The Revel casino in Atlantic City has sent a closing date after failing to find a buyer.

Revel Casion in Atlantic City (Revel)

The company said it will close its doors on September 10. In a statement to the Press of Atlantic CIty, the hotel explained that efforts to improve Revel's financial performance have come up short. "While we continue to hope for a sale of Revel, in some form, through the pending bankruptcy process, Revel cannot avoid an orderly wind down of the business at this time," explained an email.

The move comes two years after the $2.4 billion casino opened. It has never turned a profit.

Talk Radio 1450 WPG host Harry Hurley first reported on Monday that the hotel failed to receive "a qualified bid" to buy the hotel and continue its operation.

Speaking on a conference call, Bloomberg News reports Caesar's CEO Gary Loveman said that the lack of bids  “suggests that even at a de minimis price, people are finding it hard to imagine they can make money operating the Revel."

Caesar's is closing its Showboat casino, one of three Atlantic City properties scheduled to close, putting 8,000 workers out of work.Revel's closure alone will mean the loss of 3,100 jobs.

Atlantic City Mayor Don Guardian (R) said last month there were 6 potential buyers for the casino but did not reveal details about any of the bids. A bankruptcy auction scheduled for last Thursday was postponed to this week because lawyers need more time to review the bids.Hurley says the lack of qualified reasons is why the auction was postponed.

Meanwhile, Hurley learned some of the requirements of the bids for Revel. Among them:

  • Successful bidders must have either demonstrated that they had or could obtain the financing required to make the purchase.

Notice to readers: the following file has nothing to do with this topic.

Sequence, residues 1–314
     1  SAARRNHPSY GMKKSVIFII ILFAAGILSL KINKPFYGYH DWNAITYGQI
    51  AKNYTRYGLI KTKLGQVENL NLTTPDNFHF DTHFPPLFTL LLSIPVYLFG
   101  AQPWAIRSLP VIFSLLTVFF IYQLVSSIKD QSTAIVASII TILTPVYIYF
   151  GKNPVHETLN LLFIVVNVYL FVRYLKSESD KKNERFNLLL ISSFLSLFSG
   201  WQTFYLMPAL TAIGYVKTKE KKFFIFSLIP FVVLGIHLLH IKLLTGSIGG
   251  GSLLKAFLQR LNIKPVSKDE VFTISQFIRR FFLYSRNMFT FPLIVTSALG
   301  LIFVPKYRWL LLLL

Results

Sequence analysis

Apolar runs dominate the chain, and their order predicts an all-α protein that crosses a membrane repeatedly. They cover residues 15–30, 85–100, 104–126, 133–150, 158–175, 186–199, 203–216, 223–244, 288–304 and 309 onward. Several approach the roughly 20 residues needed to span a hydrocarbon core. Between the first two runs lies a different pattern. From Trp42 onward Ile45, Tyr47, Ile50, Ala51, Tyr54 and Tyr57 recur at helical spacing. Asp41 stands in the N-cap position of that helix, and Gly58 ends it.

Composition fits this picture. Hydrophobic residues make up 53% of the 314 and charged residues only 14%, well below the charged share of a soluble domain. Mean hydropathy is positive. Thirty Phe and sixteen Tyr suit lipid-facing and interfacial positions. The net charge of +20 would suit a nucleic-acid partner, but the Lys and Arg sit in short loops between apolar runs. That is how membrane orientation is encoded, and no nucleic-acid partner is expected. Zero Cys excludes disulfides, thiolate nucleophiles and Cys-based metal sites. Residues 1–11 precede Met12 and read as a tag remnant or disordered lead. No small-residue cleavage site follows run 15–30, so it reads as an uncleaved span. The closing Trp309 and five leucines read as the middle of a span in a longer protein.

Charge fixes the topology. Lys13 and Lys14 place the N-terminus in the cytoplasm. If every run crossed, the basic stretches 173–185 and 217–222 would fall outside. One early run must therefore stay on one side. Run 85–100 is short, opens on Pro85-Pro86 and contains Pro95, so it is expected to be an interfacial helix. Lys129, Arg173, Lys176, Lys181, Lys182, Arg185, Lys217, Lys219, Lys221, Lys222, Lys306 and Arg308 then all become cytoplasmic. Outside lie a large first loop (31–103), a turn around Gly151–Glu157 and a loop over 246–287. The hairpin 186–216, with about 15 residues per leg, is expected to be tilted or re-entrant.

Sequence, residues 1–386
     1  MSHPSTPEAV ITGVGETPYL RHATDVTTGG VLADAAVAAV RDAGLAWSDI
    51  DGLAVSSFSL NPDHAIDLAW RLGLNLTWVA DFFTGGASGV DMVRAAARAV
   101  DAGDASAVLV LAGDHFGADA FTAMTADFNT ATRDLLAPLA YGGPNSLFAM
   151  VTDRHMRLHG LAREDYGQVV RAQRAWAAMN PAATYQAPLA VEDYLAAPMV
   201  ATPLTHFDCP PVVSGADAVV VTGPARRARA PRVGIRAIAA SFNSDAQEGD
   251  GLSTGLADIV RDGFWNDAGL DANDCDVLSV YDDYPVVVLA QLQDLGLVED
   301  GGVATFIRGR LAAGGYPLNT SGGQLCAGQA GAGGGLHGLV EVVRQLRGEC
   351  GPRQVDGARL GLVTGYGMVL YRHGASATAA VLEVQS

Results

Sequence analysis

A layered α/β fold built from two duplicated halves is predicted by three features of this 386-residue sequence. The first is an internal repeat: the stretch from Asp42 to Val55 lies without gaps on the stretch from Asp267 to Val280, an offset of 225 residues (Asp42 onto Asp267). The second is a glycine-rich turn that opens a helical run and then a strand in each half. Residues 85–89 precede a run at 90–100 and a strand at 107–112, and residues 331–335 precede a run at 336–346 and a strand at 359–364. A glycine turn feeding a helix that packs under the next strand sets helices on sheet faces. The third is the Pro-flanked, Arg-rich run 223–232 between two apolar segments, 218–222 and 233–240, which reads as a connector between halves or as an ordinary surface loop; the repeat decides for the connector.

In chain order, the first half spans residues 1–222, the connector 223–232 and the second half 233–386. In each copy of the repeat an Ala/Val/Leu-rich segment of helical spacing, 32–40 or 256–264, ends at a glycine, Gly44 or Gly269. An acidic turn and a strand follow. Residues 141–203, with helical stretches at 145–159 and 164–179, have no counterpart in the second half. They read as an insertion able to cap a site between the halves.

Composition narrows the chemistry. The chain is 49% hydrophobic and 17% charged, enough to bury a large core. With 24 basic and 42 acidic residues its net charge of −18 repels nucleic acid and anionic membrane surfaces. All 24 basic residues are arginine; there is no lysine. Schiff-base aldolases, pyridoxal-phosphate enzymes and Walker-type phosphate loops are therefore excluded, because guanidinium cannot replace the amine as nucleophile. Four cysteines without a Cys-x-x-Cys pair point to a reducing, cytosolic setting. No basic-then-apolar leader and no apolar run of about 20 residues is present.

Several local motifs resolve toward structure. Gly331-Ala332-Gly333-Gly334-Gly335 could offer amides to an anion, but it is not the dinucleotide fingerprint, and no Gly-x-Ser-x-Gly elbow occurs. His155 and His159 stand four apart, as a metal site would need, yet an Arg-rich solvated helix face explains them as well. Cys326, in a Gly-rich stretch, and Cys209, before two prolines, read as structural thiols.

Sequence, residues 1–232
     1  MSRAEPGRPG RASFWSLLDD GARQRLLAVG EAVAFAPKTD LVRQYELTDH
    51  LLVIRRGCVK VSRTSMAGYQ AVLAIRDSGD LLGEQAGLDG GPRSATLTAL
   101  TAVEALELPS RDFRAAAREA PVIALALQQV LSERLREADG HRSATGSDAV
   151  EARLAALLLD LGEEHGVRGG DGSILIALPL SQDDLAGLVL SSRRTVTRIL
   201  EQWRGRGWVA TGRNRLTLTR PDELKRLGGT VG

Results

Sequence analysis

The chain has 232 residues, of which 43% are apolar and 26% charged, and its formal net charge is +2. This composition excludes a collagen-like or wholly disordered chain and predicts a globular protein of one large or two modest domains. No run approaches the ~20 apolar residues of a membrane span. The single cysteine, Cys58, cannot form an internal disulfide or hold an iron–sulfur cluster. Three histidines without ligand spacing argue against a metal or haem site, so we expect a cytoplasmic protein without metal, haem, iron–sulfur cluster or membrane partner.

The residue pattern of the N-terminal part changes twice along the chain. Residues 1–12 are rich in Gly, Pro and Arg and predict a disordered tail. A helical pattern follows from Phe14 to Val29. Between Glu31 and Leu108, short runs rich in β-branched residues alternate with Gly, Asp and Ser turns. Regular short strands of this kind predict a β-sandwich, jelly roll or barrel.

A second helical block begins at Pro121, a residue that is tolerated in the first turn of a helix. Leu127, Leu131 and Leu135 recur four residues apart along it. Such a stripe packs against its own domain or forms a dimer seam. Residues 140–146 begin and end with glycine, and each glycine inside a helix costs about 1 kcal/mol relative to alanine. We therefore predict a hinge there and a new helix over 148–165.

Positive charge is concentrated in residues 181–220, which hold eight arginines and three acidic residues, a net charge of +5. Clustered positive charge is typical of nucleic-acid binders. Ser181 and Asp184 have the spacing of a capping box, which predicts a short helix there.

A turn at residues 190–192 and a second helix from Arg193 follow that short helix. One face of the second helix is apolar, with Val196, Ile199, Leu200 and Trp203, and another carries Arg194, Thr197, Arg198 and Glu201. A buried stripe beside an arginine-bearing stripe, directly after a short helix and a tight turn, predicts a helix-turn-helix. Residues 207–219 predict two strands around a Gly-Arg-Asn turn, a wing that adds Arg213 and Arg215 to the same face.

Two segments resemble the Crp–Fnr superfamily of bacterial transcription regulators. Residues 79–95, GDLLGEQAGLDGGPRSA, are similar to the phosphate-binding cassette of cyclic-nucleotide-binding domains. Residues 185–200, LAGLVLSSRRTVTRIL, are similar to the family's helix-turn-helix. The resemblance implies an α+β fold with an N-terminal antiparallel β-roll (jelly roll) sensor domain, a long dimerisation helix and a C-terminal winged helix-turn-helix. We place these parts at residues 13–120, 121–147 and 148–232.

• 10 percent down payment was required.
  • The bidder had the cash flow to meet payroll and operating expenses, pursuant to New Jersey Casino Control Commission.
  • Hold or can obtain a New Jersey Casino Control Commission gaming license.

There are monetary issues clouding Revel's future as well. Hurley says that the initial investors in Revel who invested a total of $125 million in the facility accepted equity status in an earlier reorganization. They would be "first in line" to be repaid but the $125million seems to be "unachievable at this time in terms of a purchase price."

State casino regulators say there is nothing they can do to keep the properties open.

In an Aug. 1 letter, commission Chairman Matthew Levinson told state Sen. James Whelan and Assemblymen Vince Mazzeo and Chris Brown that deciding when to close a casino is a private business decision and beyond the commission’s authority.

“The commission simply does not have the authority to direct a casino licensee to forestall a business decision to cease its gaming operations,” Levinson wrote.


The Associated Press contributed to this report